The customer let the door fall shut behind them before making their way forward, looking between Laila and I with a tight smile, like at any second one of us was going to explode. If he had to guess, I bet he would have thought that it was me who had the banshee. Laila didn’t carry herself like any other almost-dead person I’d seen. She had physical presence. She remembered how to take up space.
I caught my reflection in the register screen: untucked shirt, scraggly hair along my jawline. When was the last time I had bothered to shave?
An outsider would see me as disposable. Dime a dozen, for people like me. If Hugo’s wasn’t already on the verge of closing, I’d probably work here my whole life, until my teeth started falling out and I forgot my name.
“What can I get for you?” Laila’s voice called out, clear and resonant like bells.
“Ah.” The man hesitated. “Just two cheese?”
“Two cheese?” Laila repeated to confirm. She brushed past me at the register.
“Maybe one with tomato slices and one with sausage?” He looked around like he wasn’t sure we had those toppings.
“Size?” Laila asked, tapping on the register.
“For sure.” More keyboard clicks. “17.89.”
The man slid a 20 across the counter, stepping back toward the door before Laila got a chance to open the cash drawer.
“Keep the change,” he said, managing a slight smile like it was very generous of him.
“We’ll bring it out when it’s ready.” Laila passed me the receipt, and I felt a little insulted that she didn’t think I’d be able to remember the order.
She was right, though.
I double checked the receipt before setting it aside and picking up a knife. Typically we’d want to already have this stuff prepped, but we got so few orders that it was more time-effective to cut ingredients after orders were placed.
Laila settled in place next to me, spreading out dough into a rough circle, then adding sauce and handfuls of cheese.
The knife was so dull that I had to saw through each little slice of tomato. The owner didn’t care enough about how quickly we worked to buy us a new knife or sharpening block. One of a million signs no one trusted this place to stay open much longer.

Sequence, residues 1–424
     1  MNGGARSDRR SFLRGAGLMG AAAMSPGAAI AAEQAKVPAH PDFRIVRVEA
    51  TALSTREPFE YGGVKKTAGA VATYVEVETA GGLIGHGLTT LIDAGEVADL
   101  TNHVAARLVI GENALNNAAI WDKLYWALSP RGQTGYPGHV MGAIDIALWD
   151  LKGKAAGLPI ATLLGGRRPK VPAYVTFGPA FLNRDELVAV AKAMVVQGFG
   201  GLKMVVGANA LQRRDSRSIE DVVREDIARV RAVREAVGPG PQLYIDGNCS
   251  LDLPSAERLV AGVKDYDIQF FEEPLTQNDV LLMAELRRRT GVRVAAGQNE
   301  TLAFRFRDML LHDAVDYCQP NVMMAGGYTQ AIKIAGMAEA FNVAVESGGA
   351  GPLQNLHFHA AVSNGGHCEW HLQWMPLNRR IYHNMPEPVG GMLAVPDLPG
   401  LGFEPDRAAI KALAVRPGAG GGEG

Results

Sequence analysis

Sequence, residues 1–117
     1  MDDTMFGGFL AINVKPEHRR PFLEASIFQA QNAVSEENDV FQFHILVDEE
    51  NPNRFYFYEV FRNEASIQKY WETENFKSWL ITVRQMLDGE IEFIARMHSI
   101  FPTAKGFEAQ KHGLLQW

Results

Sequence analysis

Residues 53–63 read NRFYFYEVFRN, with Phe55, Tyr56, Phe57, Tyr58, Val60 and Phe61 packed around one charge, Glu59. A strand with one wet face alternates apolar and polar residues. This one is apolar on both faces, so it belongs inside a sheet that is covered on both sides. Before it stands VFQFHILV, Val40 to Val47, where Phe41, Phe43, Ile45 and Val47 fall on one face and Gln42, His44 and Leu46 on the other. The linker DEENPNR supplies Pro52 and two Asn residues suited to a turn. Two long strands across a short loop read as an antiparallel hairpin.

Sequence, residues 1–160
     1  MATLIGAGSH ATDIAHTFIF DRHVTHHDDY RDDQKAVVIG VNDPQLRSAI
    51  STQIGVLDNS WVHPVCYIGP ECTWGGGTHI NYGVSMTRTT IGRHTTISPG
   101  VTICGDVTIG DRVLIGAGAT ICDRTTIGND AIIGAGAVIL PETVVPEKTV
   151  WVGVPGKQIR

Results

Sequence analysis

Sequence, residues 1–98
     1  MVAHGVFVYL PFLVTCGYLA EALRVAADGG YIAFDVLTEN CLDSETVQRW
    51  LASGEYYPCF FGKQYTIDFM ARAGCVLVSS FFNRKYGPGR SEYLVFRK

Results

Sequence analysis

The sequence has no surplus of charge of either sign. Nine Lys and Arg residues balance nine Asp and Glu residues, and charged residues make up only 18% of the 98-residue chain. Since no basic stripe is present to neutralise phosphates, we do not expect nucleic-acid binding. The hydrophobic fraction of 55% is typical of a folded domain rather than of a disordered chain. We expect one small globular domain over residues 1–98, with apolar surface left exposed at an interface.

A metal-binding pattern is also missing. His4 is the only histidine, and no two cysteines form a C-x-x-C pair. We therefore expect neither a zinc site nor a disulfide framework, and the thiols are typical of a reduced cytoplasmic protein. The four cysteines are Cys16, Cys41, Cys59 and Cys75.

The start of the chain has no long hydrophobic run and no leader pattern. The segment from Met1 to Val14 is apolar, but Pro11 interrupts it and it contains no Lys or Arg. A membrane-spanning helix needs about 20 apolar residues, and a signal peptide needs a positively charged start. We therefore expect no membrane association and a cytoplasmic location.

Using the edge of the knife, I scraped the fresh tomato slices across the counter to make them easier for Laila to grab.
I cleaned the tomato juice off on my white apron, ignoring the pale red stains it left, then started cutting up sausage. Laila glanced over at me, then looked away quickly, keeping busy by making sure the cheese was evenly spread across the surface of both pizzas even though it looked fine already.
I gave her a quick smile before turning my attention back to cutting up the sausages. The best way to cut with a knife like that was to make a small puncture with the tip of it, then saw through there. It was a whole process, and felt like it took much longer than it really did.
When I went to cut, the sausage kept sliding around on the cutting board, the leftover tomato juice blending with the meat grease making it difficult to hold in place.
“Ah, shit,” I muttered, shaking my hand out.
“Here, let me see,” Laila grabbed my hand and pulled it close, taking in the small line through my fingertip and the drop of blood that was forming.
“It’s not that bad, really,” I said, but didn’t pull away. “Just need to cover it now.”
Laila didn’t look up at me, fixated on the blood. She blinked slowly, like she was trying to remember what she was doing.
“Sorry, yeah.” She dropped my hand and took a quick step away.
I left to get the first aid kit from the office. Greg looked up at me and nodded when I came in, but didn’t say anything. He knew that if he acknowledged me going for the first aid kit, he’d probably have to get involved, so he turned back to the monitors instead.
Laila was still standing where I had left her, but had turned to the side and was absently wiping non-existent crumbs off the counter.